©1999 - 2012
Edward D. Reuss
All rights reserved. Including the right of reproduction in whole or part in any form



We are living in a golden age of New York. I predict that historians will write of this last decade of the Twentieth Century as a gilded period when the arts and culture of our City flourished as never before. The renaissance of this great metropolis was no accident. 

Do we credit the Captains of Industry for this resurgence? Is the New York Stock Exchange to receive our plaudits for this miracle? Maybe, we should recognize the leadership of our religious leaders who have led us out of the wilderness? Who will the historians praise for the salvation of a City that was written off as "Fear City" just a few years ago?

Before we are buried under a mountain of politically correct nonsense, let me put in a few words for some of the real reasons why New York City is once again the premier city of the World. 

Behavioral scientists know the reasons for our good fortune. The basic needs that motivate human behavior are being satisfied.  That sounds like a lot of hot air coming from a retired cop, but those words have much meaning.

The basic needs of every person are similar. The first and most pressing needs of food, water, air, physical elimination of body wastes, sexual fulfillment, and shelter from the elements are the most basic of human needs.  They are the most powerful motivators of behavior.  In their absence or when we are deficient in them, they are seen as the force that drives the engine of behavior.

Once those basic needs are met, we then are motivated by the need for security.  We must feel "safe" in order to progress to the higher social needs that allow us to create a real community.  Until we feel secure in our persons, we cannot grow as individuals or as a society.  All social needs are built upon the foundation of the fulfillment of these basic needs and the need for security.  It is at this critical point that the role of the police must receive the recognition of us all.  Real communities cannot survive in a crime-ridden atmosphere.  When crime or the perception of crime causes us to feel threatened, that fear now is a powerful motivator of our behavior. We stay at home rather than attend the theatre, or we watch TV instead of attending the community meeting.  We stay behind locked doors rather than venture out to that PTA meeting. All of society suffers from this sense of fear and alienation.  We "don't want to get involved" anymore. 

What veterans of the NYPD can forget the details in the Theatre District where we had to chase the hoards of derelicts and undesirables away from Schubert Alley and West 44th Street?  We would watch the tourists and theatre patrons leave the theatres in a hurry and catch a cab to flee from the area.  The pimps, whores, and predatory criminals that surrounded the famous theatres cast a pall on the area.  Even the New York Times needed to have a detail of cops to protect their employees and truck in the loading docks.  Just around the block on Eighth Avenue, the pornographic books stores and peepshows seemed to be everywhere. Public urination and even defecation in full view was not an unusual sight on some of the sidestreets.  Aggressive and threatening panhandlers confronted the pedestrians who risked walking in the area.  The subways were avoided. Waiting on a deserted subway platform was an invitation for trouble. The graffiti on the subway cars was a national disgrace.  The stink of urine and feces assaulted the senses in the dank dreariness of the littered platforms.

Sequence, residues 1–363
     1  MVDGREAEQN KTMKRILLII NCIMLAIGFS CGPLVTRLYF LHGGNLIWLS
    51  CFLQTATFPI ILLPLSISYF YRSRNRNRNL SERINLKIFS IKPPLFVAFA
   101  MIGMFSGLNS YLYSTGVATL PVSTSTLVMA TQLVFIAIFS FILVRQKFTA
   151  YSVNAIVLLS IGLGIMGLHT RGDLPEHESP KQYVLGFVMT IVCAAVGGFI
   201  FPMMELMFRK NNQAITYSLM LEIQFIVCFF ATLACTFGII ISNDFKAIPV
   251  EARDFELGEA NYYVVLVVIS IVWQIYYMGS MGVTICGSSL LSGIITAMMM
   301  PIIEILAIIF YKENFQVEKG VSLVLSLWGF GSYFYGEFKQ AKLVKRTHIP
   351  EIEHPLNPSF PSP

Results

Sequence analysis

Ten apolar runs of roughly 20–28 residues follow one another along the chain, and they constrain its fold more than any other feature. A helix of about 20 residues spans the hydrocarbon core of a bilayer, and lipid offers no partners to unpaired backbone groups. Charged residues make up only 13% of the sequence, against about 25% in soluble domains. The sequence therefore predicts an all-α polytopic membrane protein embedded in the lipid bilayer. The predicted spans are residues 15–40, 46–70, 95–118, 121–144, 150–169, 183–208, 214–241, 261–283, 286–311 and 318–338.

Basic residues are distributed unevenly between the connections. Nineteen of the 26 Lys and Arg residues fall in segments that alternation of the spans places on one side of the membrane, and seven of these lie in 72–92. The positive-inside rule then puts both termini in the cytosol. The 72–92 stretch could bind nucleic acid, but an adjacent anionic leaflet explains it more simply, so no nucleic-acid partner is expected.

New York was in decline for decades. As the crime rate soared in the city, many voted with their feet and fled to the safer suburbs. They called it "White flight" because the majority of those with the means to leave were not the minorities.  The newspapers and magazines told us of the benefits of moving to the "Sunbelt" States of Florida and Arizona. They wrote glowingly about the warm climates, low crime rates, and affordable housing.

The most destructive aspect of this drain on New York City was the campaign to lure businesses away from New York with the offer of lower taxes and incentives. The Sunbelt States saw an opportunity to benefit from the problems of New York.  Over a period of decades, the citizens of this City watched as thousands of jobs and businesses were lost.  The tax base that financed the city was steadily eroded until we reached the breaking point.

New York hit bottom in 1975 with the fiscal crisis under Mayor Abraham Beame.  The former comptroller of the City had campaigned under the banner of "Mr. Civil Service".  Many career civil servants including police officers voted him into office.

The police officers of the NYPD always felt that come hell or high water, they would always have their jobs.  Even in the depths of the Great Depression of the 1930s, no police officer had ever been laid off by the City of New York.  This social contract between the City and its police had always resulted in a mutual loyalty.  That contract was about to be broken by the Beame Administration. For weeks prior to the end of the fiscal year, the City had warned that city workers would have to be dismissed due to the financial crisis. The cops listened and assumed that those dire warnings were meant for other less critical city workers.  They were sadly mistaken.